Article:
The Why and How of Z Scores

      The use of echocardiographic measurements to detect disease and predict outcomes can be confounded by a number of nondisease factors, including the effect of body size, that contribute to the variance of these measurements. The process of normal growth is associated with a nearly 200-fold increase in normal left ventricular end-diastolic volume (EDV) from premature infants up to large adolescents, making it imperative to account for changes in body size in pediatrics. Although this issue is often ignored in adult echocardiography, the sensitivity and specificity of parameters of left ventricular size are significantly improved when adjustment for body size in adults is performed.
      • De Simone G.
      • Daniels S.R.
      • Devereux R.B.
      • Meyer R.A.
      • Roman M.J.
      • De Divitiis O.
      • et al.
      Left ventricular mass and body size in normotensive children and adults: assessment of allometric relations and impact of overweight.
      The article by Mawad et al.
      • Mawad W.
      • Drolet C.
      • Dahdah N.
      • Dallaire F.
      A review and critique of the statistical methods used to generate reference values in pediatric echocardiography.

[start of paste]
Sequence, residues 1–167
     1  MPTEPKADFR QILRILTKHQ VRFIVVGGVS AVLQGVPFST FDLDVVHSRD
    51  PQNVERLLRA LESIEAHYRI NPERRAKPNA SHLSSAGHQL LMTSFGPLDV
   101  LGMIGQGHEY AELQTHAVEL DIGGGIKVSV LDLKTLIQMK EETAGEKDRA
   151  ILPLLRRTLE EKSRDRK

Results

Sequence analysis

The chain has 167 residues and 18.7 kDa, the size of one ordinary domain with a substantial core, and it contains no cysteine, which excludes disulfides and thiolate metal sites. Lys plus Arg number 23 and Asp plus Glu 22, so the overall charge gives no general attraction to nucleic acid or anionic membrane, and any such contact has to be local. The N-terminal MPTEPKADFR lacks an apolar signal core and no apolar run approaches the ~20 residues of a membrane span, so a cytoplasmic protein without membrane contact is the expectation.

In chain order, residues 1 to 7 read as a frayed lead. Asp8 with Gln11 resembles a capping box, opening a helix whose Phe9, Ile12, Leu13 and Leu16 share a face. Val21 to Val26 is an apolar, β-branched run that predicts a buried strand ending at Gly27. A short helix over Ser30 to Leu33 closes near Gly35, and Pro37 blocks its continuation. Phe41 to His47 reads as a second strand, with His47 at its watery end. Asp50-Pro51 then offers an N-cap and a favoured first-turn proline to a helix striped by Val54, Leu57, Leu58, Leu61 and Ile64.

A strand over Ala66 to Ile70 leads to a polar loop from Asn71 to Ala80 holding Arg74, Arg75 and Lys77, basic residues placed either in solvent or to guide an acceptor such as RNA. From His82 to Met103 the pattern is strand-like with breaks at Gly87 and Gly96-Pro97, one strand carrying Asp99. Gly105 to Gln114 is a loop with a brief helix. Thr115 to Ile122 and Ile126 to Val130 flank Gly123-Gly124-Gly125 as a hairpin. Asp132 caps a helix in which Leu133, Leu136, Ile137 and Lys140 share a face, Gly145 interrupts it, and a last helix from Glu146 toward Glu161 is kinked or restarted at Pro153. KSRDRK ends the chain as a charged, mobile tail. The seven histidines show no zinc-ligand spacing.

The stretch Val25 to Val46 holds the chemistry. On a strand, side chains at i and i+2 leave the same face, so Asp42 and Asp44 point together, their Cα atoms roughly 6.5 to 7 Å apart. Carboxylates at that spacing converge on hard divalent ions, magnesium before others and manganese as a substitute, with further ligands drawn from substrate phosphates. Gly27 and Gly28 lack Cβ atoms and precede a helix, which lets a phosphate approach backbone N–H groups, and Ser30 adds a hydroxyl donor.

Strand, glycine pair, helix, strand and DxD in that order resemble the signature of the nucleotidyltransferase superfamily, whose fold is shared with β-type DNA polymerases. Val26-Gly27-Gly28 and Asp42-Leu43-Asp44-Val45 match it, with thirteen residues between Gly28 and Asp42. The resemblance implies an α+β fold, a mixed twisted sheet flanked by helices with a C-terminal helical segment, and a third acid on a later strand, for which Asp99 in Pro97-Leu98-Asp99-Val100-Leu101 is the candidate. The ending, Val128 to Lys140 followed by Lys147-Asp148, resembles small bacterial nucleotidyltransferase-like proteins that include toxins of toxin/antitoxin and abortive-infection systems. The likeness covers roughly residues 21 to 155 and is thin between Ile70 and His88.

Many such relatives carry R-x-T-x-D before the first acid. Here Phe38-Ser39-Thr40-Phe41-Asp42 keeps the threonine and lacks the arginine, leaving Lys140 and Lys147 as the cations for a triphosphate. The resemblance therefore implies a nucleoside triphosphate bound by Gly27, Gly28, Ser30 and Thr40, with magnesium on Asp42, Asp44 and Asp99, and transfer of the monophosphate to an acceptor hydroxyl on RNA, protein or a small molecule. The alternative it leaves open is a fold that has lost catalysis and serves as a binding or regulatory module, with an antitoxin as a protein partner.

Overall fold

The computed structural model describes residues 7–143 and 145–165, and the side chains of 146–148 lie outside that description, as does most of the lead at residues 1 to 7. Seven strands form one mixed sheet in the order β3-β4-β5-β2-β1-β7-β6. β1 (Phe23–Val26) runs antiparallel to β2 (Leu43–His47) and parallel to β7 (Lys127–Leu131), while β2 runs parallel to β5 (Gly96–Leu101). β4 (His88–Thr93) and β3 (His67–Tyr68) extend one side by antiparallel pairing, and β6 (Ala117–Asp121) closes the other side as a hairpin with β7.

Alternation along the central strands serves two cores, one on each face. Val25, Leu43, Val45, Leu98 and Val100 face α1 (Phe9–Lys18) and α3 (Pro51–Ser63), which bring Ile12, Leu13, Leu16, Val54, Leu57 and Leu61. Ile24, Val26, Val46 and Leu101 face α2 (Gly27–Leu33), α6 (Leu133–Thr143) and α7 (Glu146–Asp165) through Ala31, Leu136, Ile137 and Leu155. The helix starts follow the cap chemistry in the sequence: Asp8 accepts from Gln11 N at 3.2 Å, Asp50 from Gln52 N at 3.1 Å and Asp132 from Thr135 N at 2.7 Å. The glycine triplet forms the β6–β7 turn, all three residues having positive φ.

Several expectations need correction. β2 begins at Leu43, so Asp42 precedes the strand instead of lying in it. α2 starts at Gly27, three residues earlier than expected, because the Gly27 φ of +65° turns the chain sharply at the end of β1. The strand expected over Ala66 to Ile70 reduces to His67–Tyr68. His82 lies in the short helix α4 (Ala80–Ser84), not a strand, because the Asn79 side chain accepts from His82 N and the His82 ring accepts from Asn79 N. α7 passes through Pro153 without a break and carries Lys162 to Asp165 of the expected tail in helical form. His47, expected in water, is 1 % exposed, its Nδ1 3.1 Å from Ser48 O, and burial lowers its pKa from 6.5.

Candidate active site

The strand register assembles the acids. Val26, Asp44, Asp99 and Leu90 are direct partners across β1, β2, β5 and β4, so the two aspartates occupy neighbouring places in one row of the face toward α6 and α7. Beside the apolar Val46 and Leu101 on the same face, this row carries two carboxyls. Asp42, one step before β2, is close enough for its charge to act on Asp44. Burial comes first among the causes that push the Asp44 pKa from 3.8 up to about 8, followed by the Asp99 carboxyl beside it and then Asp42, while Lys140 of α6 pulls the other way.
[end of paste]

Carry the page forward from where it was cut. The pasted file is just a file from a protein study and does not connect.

in this issue of JASE addresses an important aspect of this process, although it is likely a topic that is unfamiliar to most echocardiographers, even those in pediatric cardiology who rely heavily on Z scores. The concept of Z scores itself is often unfamiliar to adult echocardiographers.
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      Linked Article

      • Correction
        Journal of the American Society of EchocardiographyVol. 26Issue 4
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          In the article, “The Why and How of Z Scores,” by Colan, J Am Soc Echocardiogr 2013;26:38-40, the second sentence in the first paragraph on page 40 contains an error. The correct sentence should be “We undertook a comprehensive exploration of this issue5 and found that both theoretical considerations and empirical observations indicated that BSA is superior to height or weight alone as an allometric variable in normal subjects, that the Haycock formula7 for BSA was superior to the other published formulas, and that exponential equations of the form Y = α x BMIb + c provided the best descriptor for all anatomic cardiac measurements.
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